On Monday, the US Supreme Court declined to hear Johnson and Johnson’s final appeal, forcing the company to pay $124 million for the deceptive marketing of the antipsychotic Risperdal. In 2011, South Carolina ordered the company to pay $327 million for pursuing “profits-at-all-costs” in its efforts to persuade doctors to prescribe their drug, but the fine was lowered to $136 million last year. The company had hoped to argue that the remaining penalties constituted an “excessive fine” and was supported by PhRMA, the Washington Legal Foundation, the Cato Institute and the Chamber of Commerce.
In September, Huffington Post and journalist Steve Brill combined to launch a 15 part series- “America’s Most Admired Lawbreaker” – about how Johnson & Johnson illegally violated FDA restrictions by pushing the antipsychotic drug, Risperdal, for use with adolescents and the elderly. The documents “revealed that the company organized special sales units illegally targeting doctors who treated the elderly and children.”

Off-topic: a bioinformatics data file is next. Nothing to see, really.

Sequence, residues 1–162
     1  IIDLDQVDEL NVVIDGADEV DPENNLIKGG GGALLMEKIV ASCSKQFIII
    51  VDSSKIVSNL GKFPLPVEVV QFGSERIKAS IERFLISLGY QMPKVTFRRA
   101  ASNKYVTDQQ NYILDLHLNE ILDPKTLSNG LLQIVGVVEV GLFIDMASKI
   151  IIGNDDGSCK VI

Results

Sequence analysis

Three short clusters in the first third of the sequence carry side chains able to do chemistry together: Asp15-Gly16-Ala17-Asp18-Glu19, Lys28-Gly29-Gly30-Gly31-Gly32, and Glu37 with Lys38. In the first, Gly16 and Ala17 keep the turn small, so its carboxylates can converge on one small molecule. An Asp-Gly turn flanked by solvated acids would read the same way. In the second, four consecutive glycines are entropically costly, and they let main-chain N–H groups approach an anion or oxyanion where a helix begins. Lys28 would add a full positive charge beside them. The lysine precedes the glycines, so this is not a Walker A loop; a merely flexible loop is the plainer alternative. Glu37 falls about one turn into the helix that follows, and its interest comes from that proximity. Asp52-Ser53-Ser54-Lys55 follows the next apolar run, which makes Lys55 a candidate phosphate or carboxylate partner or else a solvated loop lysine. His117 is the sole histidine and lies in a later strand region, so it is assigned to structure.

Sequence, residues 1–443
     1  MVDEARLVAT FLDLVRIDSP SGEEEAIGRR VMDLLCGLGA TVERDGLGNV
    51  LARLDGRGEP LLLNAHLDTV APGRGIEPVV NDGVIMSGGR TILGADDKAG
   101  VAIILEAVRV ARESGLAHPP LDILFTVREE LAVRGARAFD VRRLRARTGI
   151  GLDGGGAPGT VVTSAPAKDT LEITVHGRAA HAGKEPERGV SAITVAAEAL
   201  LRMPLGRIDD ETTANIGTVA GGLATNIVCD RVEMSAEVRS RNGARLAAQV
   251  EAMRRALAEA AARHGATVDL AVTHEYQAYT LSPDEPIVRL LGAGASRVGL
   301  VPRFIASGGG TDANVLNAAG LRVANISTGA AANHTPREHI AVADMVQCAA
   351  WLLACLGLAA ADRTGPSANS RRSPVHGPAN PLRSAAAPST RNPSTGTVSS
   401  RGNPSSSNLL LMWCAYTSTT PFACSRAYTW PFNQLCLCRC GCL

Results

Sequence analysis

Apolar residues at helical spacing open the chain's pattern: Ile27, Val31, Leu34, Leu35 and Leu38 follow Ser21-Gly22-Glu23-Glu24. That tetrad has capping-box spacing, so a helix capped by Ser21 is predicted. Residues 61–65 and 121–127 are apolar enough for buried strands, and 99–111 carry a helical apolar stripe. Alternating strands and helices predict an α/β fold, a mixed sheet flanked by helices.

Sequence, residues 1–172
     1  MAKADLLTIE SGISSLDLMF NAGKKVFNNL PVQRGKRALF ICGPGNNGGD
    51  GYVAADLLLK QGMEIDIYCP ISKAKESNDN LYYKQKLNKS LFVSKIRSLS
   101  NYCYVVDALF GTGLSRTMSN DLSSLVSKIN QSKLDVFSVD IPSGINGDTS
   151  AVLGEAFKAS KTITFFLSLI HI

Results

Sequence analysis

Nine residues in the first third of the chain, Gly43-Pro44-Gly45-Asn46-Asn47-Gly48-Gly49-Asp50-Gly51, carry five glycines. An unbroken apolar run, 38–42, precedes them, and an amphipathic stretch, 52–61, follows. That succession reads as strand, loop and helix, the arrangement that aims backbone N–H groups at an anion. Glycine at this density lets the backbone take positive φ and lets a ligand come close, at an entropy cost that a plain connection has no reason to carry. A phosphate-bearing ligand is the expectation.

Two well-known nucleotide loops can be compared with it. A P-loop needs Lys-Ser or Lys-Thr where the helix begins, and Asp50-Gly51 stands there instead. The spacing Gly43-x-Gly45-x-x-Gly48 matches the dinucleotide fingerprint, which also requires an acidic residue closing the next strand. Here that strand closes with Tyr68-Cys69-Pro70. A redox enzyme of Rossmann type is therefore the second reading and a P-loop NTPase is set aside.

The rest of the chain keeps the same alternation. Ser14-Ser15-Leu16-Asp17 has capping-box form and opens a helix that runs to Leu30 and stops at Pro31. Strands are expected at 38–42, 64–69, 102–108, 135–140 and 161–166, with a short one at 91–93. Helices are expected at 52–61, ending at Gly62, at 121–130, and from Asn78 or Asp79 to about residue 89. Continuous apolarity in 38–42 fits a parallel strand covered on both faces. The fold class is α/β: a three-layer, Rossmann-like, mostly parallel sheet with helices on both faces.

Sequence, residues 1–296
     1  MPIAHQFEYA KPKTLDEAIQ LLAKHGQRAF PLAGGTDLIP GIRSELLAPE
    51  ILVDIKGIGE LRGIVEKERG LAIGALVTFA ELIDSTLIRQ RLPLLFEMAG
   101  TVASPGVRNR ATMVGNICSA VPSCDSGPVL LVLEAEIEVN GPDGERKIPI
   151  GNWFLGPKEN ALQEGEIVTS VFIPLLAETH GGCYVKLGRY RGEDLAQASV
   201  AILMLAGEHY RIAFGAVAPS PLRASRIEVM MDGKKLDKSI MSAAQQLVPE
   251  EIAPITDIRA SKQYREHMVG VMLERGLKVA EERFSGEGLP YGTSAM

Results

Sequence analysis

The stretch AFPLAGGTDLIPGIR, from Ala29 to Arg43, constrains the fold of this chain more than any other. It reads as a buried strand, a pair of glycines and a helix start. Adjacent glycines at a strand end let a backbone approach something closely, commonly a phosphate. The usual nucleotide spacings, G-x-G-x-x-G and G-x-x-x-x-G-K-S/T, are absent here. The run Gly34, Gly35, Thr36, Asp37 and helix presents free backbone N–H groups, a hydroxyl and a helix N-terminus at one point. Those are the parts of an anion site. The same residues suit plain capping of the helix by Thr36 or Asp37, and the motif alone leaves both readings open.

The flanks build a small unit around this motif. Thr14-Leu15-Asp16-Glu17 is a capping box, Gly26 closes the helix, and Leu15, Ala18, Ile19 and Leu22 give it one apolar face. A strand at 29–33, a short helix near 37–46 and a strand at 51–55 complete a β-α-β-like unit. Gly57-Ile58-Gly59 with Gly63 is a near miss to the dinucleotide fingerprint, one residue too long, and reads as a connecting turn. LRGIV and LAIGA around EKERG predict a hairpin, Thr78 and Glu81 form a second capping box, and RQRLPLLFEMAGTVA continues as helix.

The company also faces about 5,400 lawsuits involving gynecomastia, following allegations that the company failed to warn doctors, patients, and regulators of the risk of abnormal breast development in young males who took Risperdal.
Fierce Pharma: “Time for J&J to pay up in $124M Risperdal case as SCOTUS deflects final appeal”
Medical Express: “High court won’t hear appeal over $124M drug penalty”
The Post and Courier: “Supreme Court decision on drug-marketing suit could bring South Carolina $124M”
Reuters: “U.S. justices reject Johnson & Johnson unit’s anti-psychotic drug appeal”